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Special Edition: Art Brussels
by ArtSlant Team


By Andrea Alessi

Planning a trip to art fairs – plural because, let’s face it, where one art fair goes, others are sure to follow – is an exercise in strategic thinking. Tactical decisions balance hopes, dreams, and opportunity costs, and every choice you make could lead you to find, or miss, the best deal, most worthwhile elbow-greasing, sickest party, most enlightening roundtable, or tastiest canapé.

The simultaneity of fairs and events within a short time generates a perfect choose-your-own-adventure situation. And Brussels, with its decentralized art scene and occasionally bipolar, international ethos is ripe adventure-choosing territory. Stay downtown and check out the galleries or head south to the upscale Avenue Louise? Brave the crowded museums or stick to smaller venues? Rent a bike or buy a metro pass? Chips or waffles? Ale or lager?!

In the infamous Choose Your Own Adventure books from the eighties and nineties, more than a few outcomes have you meet rather sudden and unceremonious ends. I can’t pick your path for you – this is your adventure after all – but here are some tips to help you make the most of your Brussels visit, stop worrying about what you’re missing, and just maybe avoid an untimely demise...

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Georgia Haagsma finds conviviality and good vibes

Brussels. Sounds like mussels. And maybe a comparison between the two isn't completely out of this world. An oddly shaped, introverted entity, which has no particularly distinct features; looks pale, grey, and weirdly aggressive from the outside but provides a lot of protein to those who persist and dig in. In a recent article in The New York Times (Art Market | Big in Belgium, 3/20/13), Jim Lewis interviewed Art Brussels' new artistic director Katerina Gregos. She described Brussels as a city in a perpetual state of becoming, kind of identity-less, but gaining cultural power in spite of it. Over the last few years international galleries like MOTinternational, C_L_E_A_R_I_N_G, and Almine Rech have opened satellite spaces in Brussels and a wealth of new galleries has emerged. Low rent, a large number of wealthy collectors (the city is riddled with lawyers, bankers, and parliamentarians) and its central position in Europe (which provides easy access to the rest of the continent) are all perceived as deciding factors in Brussels' move up the popularity charts.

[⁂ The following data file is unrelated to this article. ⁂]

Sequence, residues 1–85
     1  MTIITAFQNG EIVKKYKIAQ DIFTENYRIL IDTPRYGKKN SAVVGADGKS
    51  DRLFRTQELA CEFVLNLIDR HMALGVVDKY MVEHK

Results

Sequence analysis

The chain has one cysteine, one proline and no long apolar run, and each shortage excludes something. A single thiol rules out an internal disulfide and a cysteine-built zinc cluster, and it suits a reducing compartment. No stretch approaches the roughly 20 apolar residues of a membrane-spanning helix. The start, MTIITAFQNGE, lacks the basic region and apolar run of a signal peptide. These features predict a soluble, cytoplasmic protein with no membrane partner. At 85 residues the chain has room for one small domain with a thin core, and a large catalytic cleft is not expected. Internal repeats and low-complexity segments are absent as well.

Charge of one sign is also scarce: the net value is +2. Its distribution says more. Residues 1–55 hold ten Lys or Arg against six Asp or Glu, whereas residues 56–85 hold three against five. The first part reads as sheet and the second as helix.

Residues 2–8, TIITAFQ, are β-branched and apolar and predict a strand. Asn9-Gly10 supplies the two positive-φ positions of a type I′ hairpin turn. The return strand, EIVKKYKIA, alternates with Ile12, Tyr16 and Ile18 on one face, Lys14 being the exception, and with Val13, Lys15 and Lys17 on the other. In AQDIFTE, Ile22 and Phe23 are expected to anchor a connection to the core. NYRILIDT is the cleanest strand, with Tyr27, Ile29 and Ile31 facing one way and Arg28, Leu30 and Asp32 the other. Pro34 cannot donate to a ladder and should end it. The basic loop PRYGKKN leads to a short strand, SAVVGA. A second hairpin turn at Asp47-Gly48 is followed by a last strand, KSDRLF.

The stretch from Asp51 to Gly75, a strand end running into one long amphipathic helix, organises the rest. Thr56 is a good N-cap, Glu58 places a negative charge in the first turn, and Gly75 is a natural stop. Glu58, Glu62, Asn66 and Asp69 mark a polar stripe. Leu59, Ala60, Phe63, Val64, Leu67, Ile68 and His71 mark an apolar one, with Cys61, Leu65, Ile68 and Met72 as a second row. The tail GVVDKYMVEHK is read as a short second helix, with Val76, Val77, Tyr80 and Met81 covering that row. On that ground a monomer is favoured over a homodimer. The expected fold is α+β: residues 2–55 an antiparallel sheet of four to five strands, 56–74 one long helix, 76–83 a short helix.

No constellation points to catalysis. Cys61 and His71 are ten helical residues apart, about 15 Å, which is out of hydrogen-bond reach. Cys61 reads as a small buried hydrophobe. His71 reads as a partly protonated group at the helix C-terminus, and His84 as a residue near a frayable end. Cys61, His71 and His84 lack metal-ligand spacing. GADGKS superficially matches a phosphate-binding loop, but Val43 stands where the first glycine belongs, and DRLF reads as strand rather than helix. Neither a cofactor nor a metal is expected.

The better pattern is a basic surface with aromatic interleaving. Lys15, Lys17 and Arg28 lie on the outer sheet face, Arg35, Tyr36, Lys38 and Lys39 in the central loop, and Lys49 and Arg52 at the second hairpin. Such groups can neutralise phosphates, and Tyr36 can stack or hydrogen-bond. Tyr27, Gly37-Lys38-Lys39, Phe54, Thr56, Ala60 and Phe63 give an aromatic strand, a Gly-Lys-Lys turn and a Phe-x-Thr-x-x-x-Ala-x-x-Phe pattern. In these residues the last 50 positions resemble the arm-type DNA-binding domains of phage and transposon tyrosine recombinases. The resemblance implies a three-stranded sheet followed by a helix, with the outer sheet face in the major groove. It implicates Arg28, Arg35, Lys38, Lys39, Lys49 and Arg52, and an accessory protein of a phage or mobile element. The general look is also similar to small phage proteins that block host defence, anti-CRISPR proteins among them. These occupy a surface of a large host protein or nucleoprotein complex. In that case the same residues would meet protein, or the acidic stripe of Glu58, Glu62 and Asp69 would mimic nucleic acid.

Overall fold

The Brussels art scene may be ambiguous and according to some even non-existing, but it is distinct enough to see it is quite different from the more celebrity focused London, New York and Paris, or the more sceney, artist driven Berlin. When I was forced to spend a night in Brussels after missing my Eurostar connection to London a few months ago, I was overwhelmed by the friendliness of the people. I ended up in a gallery/theatre/bar chatting to a couple of local artists and within a mere hour I was offered Belgian beers and homemade meatballs, as well as a place to stay whenever I visited next. Conviviality seems to be the name of the game in this town and the few gallerists I spoke to this week in preparation for the 31st edition of Art Brussels, all confirmed this feeling...

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Han Hoogerbrugge's surreal, self-deprecating self-portraits are simultaneously charming and unsettling. For Art Brussels, Hoogerbrugge, commissioned by the Land Rover Belgium, will screen a video recreation of a James Ensor painting inside a customized SUV. Ana Finel Honigman recently caught up with the Dutch artist, illustrator and animator...

AFH: Are you a pessimist?

HH: I am definitely not a pessimist. I do think that people are bad. Everything is useless. Nothing we do means anything. When we are dead then we are just dead. That is it. But, that makes me happy...

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Posted by ArtSlant Team on 4/17/13

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